Sidactor Protection Thyristor Products Page 19 SIDACtor Protection Thyristor Products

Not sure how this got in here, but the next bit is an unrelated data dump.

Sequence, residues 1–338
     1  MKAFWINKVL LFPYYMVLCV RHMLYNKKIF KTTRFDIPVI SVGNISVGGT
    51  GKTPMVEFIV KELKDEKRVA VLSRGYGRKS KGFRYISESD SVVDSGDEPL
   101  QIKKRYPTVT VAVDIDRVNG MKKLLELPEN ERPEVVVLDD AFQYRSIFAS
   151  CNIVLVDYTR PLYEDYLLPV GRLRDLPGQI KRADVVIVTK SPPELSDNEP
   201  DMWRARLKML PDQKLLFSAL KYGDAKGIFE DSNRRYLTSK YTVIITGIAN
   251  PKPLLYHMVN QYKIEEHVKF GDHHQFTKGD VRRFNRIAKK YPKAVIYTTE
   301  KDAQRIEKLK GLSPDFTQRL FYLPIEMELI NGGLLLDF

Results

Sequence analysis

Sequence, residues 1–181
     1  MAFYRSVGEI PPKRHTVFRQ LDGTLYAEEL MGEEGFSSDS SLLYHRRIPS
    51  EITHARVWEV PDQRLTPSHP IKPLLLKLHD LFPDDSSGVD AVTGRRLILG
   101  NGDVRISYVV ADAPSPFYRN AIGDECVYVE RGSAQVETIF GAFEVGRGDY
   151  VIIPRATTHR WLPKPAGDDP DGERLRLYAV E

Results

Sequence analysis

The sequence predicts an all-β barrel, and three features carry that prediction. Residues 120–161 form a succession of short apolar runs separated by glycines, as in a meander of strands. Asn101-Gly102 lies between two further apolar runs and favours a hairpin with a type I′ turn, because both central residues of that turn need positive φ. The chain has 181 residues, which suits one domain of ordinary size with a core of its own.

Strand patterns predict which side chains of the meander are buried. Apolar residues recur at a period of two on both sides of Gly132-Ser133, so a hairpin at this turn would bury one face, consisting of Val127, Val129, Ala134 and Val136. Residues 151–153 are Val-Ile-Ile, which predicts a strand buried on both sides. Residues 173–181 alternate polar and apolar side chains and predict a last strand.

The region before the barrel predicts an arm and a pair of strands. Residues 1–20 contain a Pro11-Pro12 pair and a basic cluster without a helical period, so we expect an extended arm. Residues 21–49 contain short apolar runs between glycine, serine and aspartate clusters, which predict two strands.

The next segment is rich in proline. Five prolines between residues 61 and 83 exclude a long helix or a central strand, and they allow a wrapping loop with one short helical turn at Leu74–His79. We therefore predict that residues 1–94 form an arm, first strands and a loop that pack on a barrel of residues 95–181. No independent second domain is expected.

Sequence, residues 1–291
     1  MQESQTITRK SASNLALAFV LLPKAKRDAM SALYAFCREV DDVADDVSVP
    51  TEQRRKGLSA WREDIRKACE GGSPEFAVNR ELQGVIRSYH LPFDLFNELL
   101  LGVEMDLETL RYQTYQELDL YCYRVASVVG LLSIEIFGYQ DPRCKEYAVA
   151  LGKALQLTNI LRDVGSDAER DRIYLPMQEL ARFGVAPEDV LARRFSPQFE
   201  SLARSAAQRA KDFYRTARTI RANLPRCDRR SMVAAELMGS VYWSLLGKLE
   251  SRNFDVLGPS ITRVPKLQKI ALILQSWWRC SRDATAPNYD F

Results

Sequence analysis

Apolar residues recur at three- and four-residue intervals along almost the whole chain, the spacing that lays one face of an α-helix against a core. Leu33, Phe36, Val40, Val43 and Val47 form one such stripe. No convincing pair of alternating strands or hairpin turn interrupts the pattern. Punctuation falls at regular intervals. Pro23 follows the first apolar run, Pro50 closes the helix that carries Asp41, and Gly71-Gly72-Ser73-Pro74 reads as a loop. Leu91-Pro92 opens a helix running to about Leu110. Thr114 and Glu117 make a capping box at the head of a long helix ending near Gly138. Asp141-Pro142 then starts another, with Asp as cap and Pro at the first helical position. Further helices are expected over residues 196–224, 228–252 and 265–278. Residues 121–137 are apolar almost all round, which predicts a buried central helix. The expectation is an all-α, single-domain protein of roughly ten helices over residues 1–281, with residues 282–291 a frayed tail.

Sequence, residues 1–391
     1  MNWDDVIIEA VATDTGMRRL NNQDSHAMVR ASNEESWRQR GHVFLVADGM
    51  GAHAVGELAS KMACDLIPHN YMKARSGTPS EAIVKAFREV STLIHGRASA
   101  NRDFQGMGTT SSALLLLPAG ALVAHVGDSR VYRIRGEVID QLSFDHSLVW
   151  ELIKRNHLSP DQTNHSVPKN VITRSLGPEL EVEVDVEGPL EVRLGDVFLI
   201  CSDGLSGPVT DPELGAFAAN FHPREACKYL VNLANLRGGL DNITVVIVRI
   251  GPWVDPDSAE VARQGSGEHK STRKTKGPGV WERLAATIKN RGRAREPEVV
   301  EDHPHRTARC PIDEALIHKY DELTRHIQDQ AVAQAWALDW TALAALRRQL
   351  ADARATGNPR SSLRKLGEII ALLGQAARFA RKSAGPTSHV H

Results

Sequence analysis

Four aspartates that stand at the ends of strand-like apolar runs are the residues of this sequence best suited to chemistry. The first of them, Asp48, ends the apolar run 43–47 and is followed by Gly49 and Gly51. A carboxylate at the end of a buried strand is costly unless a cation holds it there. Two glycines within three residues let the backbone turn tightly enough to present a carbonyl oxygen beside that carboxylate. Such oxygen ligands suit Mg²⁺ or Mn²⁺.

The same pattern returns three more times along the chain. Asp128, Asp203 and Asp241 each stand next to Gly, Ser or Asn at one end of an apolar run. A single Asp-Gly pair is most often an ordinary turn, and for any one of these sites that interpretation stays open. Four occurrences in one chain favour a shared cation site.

SIDACtor Protection Thyristors 2017 Littelfuse, Inc. Specifications are subject to change without notice. Revised: 02/23/17 Telecommunications Protection (continued) The Lightning Phenomenon Formation of Lightning Lightning Bolt Lightning is one of nature's most common and dangerous phenomena. At any one time, approximately 2,000 thunderstorms are in progress around the globe, with lightning striking the earth over 100 times per second. According to IEEE C.62, during a single year in the United States lightning strikes an average of 52 times per square mile, resulting in 100 deaths, 250 injuries, and over 100 million dollars in damage to equipment property. Lightning is caused by the complex interaction of rain, ice, up drafts, and down drafts that occur during a typical thunderstorm. The movement of rain droplets and ice within the cloud results in a large build up of electrical charges at the top and bottom of the thunder cloud. Normally, positive charges are concentrated at the top of the thunderhead while negative charges accumulate near the bottom. Lightning itself does not occur until the potential difference between two charges is great enough to overcome the insulating resistance of air between them. Cloud-to-ground lightning begins forming as the level of negative charge contained in the lower cloud levels begins to increase and attract the positive charge located at Ground. When the formation of negative charge reaches its peak level, a surge of electrons called a stepped leader begins to head towards the earth. Moving in 50-meter increments, the stepped leader initiates the electrical path (channel) for the lightning strike. As the stepped leader moves closer to the ground, the mutual attraction between positive and negative charges results in a positive stream of electrons being pulled up from the ground to the stepped leader. The positively charged stream is known as a streamer. When the streamer and stepped leader make contact, it completes the electrical circuit between the cloud and ground. At that instant, an explosive flow of electrons travels to ground at half the speed of light and completes the formation of the lightning bolt. The initial flash of a lightning bolt results when the stepped leader and the streamer make connection resulting in the conduction of current to Ground. Subsequent strokes (3-4) occur as large amounts of negative charge move farther up the stepped leader. Known as return strokes, these subsequent bolts heat the air to temperatures in excess of 50,000F and cause the flickering flash that is associated with lightning. The total duration of most lightning bolts lasts between 500 millisecond and one second. During a lightning strike, the associated voltages range from 20,000 V to 1,000,000 V while currents average around 35,000 A. However, maximum currents associated with lightning have been measured as high as 300,000 A. 10 Key Facts about Lightning 1. Lightning strikes the earth on an average of 100 times per second. 2. Lightning strikes can affect computers and other electronic equipment as far as a kilometer away. 3. Lightning causes transient overvoltages (very fast electrical surges) on power, data communication, and signal and telephone lines. These surges then carry to and affect vulnerable equipment. 4. At-risk electronic equipment includes computer and peripheral equipment, building management systems, IP-PBX systems, CATV equipment, fire and security systems, PoE systems, and lightning arrays. 5. Transient overvoltages can cause instant damage to equipment and its circuitry, leading to costly and lengthy stoppages to operation and latent damage, and can result in breakdowns weeks or months later. 6. Even equipment in a building with structural lightning protection is still at great risk, as structural protection is designed to prevent damage to the building and to prevent loss of life. 7. While most businesses are at risk, campus or multi- building sites tend to be especially vulnerable. 8. Lightning can and does strike in the same place and can strike the same place multiple times. Sites that have suffered once are proven vulnerable and often suffer again within a matter of months. 9. Protecting electronic systems from transient overvoltage damage costs only a fraction of the cost of damage. 10. Littelfuse designs and manufactures quality lightning protection equipment.

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